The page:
May 5, 2015

Using ceph-ansible to deploy and test a multi-node ceph cluster

Our team is presently working on building a Ceph Block Volume Plugin for Kubernetes. As such, I wanted a quick and easy way for everyone to be able to deploy a local Ceph Cluster in Virtual Machines so we can test the plugins ability to provision a Ceph Block Device and mount it to a given Docker Host (or Kubernetes Node) from a development environment or another virtual machine.

After spending a few days trying to find the most convenient solution, I settled on ceph-ansible as it uses a combination of vagrant (to provision the VMs) and ansible (to configure them) and the entire cluster is launched with literally one command (vagrant up). So here's how it works:

On the Developer's Machine:

1) Install Vagrant and install your Vagrant compatible Hypervisor of choice (I use VirtualBox as I find it has the broadest vagrant box support and I can't use KVM because I am on a Mac)

2) Install Ansible

3) Clone the ceph-ansible repository
  # git clone
  # cd ceph-ansible

4) Edit the  ceph-ansible/roles/ceph-common/defaults/main.yml and set the following values to “false" in the CEPH CONFIGURATION section.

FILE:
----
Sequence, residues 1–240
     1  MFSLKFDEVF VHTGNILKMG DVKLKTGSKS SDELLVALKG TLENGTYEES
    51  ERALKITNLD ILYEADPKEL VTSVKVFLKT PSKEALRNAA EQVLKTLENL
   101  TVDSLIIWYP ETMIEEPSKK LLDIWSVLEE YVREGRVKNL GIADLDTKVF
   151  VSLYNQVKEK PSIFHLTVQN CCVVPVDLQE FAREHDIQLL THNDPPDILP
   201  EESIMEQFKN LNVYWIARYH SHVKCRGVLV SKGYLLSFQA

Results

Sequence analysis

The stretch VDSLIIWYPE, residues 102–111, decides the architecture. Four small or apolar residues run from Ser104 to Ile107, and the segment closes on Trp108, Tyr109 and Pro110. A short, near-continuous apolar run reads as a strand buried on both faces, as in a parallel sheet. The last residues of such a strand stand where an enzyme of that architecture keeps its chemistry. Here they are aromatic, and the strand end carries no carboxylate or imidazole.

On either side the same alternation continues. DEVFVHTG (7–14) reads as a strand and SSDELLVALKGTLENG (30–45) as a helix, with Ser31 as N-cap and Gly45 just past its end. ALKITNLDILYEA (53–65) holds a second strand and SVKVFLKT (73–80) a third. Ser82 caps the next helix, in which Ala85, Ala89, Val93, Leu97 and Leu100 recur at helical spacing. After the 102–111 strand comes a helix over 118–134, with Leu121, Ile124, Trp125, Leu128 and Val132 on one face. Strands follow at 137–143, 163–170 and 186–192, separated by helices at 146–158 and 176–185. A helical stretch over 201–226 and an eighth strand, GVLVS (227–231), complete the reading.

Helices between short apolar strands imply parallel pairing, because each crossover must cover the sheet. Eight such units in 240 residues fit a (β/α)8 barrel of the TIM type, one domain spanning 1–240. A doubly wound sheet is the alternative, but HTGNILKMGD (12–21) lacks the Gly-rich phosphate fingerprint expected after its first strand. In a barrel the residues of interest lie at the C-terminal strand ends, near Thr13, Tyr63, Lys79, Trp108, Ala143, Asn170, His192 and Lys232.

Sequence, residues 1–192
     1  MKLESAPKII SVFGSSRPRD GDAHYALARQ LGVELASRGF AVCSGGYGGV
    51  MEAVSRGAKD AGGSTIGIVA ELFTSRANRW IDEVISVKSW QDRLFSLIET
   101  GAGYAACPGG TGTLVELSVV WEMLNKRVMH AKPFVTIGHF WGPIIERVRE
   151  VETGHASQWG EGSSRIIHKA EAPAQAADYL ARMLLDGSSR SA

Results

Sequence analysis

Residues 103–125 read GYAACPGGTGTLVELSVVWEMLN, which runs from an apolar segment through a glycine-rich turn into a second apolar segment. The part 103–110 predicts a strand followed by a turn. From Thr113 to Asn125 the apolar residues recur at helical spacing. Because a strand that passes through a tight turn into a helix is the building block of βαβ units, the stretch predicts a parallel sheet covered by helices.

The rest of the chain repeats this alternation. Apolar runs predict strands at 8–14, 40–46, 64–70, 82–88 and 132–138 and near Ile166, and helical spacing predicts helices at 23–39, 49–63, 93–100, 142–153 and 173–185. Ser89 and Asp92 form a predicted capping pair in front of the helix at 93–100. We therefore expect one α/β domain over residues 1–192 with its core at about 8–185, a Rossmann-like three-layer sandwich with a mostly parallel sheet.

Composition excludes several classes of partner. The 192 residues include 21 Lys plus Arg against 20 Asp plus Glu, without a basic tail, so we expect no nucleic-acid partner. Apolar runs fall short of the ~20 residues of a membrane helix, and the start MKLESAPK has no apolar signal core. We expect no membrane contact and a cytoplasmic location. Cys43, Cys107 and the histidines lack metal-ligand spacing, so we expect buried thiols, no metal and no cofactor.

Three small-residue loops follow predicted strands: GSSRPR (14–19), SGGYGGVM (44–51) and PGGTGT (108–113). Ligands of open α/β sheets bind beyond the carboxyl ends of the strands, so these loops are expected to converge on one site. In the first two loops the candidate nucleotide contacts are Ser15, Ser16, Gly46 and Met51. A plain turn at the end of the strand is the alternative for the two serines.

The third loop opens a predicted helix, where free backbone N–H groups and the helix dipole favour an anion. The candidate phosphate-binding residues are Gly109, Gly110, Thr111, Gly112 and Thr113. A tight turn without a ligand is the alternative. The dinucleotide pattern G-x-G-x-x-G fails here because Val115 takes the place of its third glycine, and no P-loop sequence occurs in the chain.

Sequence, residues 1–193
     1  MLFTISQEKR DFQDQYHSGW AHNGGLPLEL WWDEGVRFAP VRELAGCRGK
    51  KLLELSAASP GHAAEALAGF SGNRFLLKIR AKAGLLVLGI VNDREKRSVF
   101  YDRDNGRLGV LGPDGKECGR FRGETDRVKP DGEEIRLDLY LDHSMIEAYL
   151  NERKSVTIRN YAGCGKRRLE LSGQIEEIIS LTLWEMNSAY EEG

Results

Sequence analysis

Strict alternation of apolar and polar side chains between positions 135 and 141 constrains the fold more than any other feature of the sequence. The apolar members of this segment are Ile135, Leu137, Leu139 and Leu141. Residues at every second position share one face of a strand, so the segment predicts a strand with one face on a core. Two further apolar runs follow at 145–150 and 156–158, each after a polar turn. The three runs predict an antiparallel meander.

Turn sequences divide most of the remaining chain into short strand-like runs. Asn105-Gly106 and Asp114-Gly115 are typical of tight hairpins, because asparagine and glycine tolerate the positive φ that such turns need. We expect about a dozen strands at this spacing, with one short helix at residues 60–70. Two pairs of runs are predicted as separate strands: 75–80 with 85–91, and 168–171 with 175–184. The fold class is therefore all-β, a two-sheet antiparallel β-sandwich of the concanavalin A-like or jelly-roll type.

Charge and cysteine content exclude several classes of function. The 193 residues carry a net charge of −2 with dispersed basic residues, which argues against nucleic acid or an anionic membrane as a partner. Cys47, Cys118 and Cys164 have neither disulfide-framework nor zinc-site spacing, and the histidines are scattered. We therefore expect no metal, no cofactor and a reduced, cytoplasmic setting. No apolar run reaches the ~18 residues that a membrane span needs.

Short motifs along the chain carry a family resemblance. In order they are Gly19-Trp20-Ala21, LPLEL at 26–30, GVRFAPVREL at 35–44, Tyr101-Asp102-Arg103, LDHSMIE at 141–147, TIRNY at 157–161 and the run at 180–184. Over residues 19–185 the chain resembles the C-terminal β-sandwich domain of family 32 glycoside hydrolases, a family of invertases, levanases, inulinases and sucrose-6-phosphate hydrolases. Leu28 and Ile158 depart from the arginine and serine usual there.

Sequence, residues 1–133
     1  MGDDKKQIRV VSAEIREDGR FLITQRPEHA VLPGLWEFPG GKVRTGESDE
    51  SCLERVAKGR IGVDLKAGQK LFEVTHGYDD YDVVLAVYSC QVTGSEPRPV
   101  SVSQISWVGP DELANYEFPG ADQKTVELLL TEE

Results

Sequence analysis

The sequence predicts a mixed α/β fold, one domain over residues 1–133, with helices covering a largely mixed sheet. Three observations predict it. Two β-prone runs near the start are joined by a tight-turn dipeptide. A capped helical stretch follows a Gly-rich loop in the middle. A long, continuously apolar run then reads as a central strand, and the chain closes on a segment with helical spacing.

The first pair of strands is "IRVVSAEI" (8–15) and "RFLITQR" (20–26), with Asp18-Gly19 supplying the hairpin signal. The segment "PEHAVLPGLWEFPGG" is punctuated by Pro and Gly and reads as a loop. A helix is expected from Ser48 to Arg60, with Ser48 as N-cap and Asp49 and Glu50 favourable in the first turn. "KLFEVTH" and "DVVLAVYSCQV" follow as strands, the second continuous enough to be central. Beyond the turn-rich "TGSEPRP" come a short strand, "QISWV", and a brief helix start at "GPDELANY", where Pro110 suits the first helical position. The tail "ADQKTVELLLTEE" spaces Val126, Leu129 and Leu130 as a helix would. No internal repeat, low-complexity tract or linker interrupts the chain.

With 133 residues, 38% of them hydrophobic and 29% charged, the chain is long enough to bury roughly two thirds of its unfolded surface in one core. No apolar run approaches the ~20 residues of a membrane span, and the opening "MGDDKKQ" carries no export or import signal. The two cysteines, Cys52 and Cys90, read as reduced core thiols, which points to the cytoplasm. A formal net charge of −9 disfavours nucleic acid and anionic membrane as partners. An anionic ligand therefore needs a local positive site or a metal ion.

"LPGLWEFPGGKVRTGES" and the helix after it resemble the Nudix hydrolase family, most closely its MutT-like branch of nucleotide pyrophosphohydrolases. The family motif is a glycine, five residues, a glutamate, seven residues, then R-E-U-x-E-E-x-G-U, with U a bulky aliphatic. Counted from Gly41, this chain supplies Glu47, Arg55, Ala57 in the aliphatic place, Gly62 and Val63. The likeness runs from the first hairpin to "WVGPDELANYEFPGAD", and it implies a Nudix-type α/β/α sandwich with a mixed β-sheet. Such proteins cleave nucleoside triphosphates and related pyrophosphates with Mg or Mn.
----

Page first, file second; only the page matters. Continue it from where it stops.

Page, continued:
cephx_require_signatures: false
  cephx_cluster_require_signatures: false
  cephx_service_require_signatures: false

5) Deploy the Ceph Cluster
  # vagrant up

6) Check the Status of the Ceph Cluster you just deployed
  # vagrant ssh mon0 -c "sudo ceph -s"

7) Copy the ceph configuration file and ceph keyring to each server you plan to mount ceph block devices onto (such as a Fedora 21 server demonstrated in the diagram above).
  # vagrant ssh mon0
  # cd /etc/ceph/
  # sudo scp ceph.client.admin.keyring ceph.conf root@{IP of Fedora VM}:/etc/ceph/

Configuring the Ceph Client (Fedora 21 VM)

This section assumes that you have already provisioned another server to use as the means to create, format and mount a ceph block device onto. In the diagram above, this is the Fedora 21 VM.

1) Install the ceph client libraries
  # yum -y install ceph-common

2) Create this directory or you will see exceptions when using rbd commands
  # mkdir /var/run/ceph/

3) Disable and Stop firewalld
  # systemctl disable firewalld;  systemctl stop firewalld

4) Create a block device called "mydisk"
  # rbd create mydisk --size 4096

5) Map the block device from the server into your local block device list
  # rbd map mydisk --pool rbd --name client.admin

6) Verify that a new block device (rbd0) has been added 
  # ls -l /dev/rbd?
  brw-rw----. 1 root disk 252,  0 May  5 15:34 /dev/rbd0

7) Format the Block Device
  # sudo mkfs.ext4 -m0 /dev/rbd0 

8) Mount the Block Device for use
  # mkdir /mnt/mydisk
  # mount /dev/rbd0 /mnt/mydisk/

1 comment:

Jeff Vance said...
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